Both companies' policies advocate the use of analgesics or anesthetics to reduce pain in disbudded calves.

The policy of Dunkin' Brands, which owns Baskin-Robbins ice cream, asks its suppliers to "support industry-wide efforts to promote the humane treatment of cattle, including the responsible use of polled breeding." And dining chain Denny's released a policy in February indicating a "purchase preference" for milk from polled dairy cattle.

Dairy farms asked to consider breeding no-horn cows
In this Jan. 26, 2015 file photo, cows walk to a milking parlor at Fair Oaks Farms in Fair Oaks, Ind. Fair Oaks, one of the nation's largest dairy farms with 36,000 cows, is phasing out the use of milk cows with horns—unruly cows can be hazardous because they can gore farm workers or other animals. About a quarter of its newborn calves are hornless due to selective use of bulls with the polled gene, a dominant no-horn genetic trait. AP Photo/Michael Conroy, File)

Grocery-chain suppliers increasingly are on board, too, such as Colorado-based Aurora Organic Dairy, which supplies Wal-Mart and Costco, and Trader Joe's supplier Rockview Farms.

Fair Oaks Farms in Indiana, a Kroger supplier and one of the nation's largest farms with 36,000 cows, is phasing out horned milk cows. About a quarter of its newborn calves are hornless due to selective use of bulls with the polled gene, CEO Gary Corbett said. It began to do so after genetics in polled bulls improved and there was proof that good traits like milk production weren't being lost.


Explore further

Dairy industry making strides toward reducing its carbon footprint

© 2015 The Associated Press. All rights reserved.

Citation: Dairy farms asked to consider breeding no-horn cows (2015, March 28) retrieved 17 October 2019 from https://phys.org/news/2015-03-dairy-farms-no-horn-cows.html
This document is subject to copyright. Apart from any fair dealing for the purpose of private study or research, no part may be reproduced without the written permission. The content is provided for information purposes only.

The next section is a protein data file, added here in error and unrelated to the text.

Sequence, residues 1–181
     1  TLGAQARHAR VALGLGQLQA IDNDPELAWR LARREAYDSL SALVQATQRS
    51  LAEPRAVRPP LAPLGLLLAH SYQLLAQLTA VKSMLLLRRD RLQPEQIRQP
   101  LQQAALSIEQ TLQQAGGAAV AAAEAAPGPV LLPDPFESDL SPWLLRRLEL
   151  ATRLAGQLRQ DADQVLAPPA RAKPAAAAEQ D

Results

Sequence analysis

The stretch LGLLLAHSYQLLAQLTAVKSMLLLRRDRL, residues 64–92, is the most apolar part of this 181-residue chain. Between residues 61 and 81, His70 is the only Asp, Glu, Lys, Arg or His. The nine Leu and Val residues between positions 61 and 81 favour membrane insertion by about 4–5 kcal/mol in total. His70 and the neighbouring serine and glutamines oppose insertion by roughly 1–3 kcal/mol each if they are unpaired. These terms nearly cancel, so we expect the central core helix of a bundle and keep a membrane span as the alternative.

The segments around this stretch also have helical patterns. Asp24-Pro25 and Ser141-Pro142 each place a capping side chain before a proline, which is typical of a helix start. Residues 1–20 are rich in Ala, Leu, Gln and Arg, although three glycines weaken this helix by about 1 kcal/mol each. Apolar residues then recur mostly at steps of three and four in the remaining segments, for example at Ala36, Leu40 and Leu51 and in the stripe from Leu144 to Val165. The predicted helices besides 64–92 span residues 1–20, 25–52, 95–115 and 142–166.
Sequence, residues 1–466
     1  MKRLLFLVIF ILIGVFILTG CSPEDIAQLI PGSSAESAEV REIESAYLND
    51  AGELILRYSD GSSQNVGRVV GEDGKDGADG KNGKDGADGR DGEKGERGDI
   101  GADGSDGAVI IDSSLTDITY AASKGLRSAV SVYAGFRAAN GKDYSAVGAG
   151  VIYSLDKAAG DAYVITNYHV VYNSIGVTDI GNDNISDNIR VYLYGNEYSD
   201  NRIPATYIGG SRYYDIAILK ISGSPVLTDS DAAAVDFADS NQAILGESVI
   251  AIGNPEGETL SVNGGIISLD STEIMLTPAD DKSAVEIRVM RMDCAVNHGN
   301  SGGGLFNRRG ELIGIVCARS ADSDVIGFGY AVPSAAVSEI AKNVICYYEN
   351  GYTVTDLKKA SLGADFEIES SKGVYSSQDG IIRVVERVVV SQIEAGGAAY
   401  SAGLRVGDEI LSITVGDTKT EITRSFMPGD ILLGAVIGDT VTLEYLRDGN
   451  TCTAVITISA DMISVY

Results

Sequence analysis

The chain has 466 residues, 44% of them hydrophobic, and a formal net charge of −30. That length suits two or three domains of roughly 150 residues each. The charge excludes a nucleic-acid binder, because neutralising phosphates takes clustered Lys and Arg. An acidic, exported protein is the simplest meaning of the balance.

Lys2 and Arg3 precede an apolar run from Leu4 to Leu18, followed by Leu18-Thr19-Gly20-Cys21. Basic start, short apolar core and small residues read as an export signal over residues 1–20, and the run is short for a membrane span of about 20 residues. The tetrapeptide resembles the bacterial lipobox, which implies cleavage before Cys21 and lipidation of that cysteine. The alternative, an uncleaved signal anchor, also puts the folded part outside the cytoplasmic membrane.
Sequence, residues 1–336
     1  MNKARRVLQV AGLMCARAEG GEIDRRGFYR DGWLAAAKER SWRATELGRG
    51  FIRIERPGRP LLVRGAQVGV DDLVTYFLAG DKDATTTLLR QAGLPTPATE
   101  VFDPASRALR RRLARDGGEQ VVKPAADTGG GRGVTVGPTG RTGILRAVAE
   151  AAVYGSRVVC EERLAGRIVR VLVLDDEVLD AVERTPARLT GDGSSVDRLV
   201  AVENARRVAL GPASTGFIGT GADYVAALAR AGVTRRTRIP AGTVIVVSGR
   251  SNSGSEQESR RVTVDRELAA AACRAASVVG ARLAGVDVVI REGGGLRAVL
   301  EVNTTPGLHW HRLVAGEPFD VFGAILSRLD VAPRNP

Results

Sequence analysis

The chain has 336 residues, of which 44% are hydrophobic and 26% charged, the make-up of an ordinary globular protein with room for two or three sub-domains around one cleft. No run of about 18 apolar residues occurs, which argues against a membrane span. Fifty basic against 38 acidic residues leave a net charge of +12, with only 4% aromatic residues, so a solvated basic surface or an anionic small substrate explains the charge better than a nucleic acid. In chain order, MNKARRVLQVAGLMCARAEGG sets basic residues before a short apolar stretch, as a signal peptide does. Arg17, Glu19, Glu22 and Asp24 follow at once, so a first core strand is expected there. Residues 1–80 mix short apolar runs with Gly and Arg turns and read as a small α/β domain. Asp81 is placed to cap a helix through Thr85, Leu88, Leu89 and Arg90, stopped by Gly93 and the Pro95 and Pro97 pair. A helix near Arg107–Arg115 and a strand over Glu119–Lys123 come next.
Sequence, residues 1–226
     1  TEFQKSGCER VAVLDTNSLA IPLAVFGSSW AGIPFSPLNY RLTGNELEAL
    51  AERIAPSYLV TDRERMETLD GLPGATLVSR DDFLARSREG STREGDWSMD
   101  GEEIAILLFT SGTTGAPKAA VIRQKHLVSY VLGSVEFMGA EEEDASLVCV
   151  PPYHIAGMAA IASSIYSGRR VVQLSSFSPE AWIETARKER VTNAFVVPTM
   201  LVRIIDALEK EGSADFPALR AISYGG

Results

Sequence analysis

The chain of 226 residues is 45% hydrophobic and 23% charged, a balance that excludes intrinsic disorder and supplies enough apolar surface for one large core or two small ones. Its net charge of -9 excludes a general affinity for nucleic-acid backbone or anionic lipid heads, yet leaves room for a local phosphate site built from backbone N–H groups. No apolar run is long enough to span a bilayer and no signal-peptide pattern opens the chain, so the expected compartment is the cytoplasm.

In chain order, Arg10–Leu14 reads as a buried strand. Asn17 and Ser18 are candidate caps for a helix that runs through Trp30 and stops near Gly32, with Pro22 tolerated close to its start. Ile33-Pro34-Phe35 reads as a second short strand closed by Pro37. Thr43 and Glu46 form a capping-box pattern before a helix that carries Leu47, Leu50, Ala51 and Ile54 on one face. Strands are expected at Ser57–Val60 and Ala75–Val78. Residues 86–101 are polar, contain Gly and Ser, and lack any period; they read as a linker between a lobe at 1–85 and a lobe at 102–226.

46 shares

Feedback to editors

User comments

Mar 28, 2015
How many dog owners will demand certain breeds not have their ears clipped or tails bobbed for aesthetics?
Dehorning cattle is not a fun job when they are few months old.
Using caustic paste on dairy calves is much less disruptive and easy as dairy calves are taken immediately from their mothers.

Mar 28, 2015
@ryggy

Dehorning cattle is never fun for anyone involved.

Mar 28, 2015
@ryggy

Dehorning cattle is never fun for anyone involved.


I guess it's better to leave the horns on so the cows can fight and injure each other.

Mar 29, 2015
LOL Farm boys soon learned respect and to not get between cow and calf.


Not dairy cows.

Dairy cows have calves year round and may need help. The Dirty Jobs show filmed the pulling of a calf.
I have had to reach in and rearrange a calf before the calf could be pulled.

Dairy cows are genetically manipulated with artificial breeding to produce high quality and quantity of milk over their lifetime.

There are only a few cattle breeds that don't have horns and if they are dairy cattle, I'm not aware of them.
We used to alternate a Holstein bull with a black or red Angus to breed heifers. Angus have small heads and no horns.
Holstein/Angus cross are good for beef, not milk.

Mar 29, 2015
Dairy farmers will be eager to breed polled heifers if they can as it lowers their cost.
But it will take time.

https://absdairy....d-bulls/

Mar 29, 2015
My wife and I thought of raising some chickens but thought better of it. Soon we would be naming them and then bringing them to the vet if they looked a little sick and finally mourning their loss. In short they would soon become pets and not food. It's a tough life being a farmer and there is not a lot of profit in it so I can see were every dollar counts.

Mar 29, 2015
naming them and then bringing them to the vet


So it's ok to cut the tails off of dogs and bob their ears for aesthetics, or declaw or neuter, IF they are taken to a vet and put under a risky anesthetic?
Or, even worse, create breeds, like bulldogs, that require a vet to be born or a breed with know genetic defects?
This is truly animal abuse.

Mar 29, 2015
I don't have a problem with neutering animals or the risk of anesthesia. The other stuff does raise questions.

Please sign in to add a comment. Registration is free, and takes less than a minute. Read more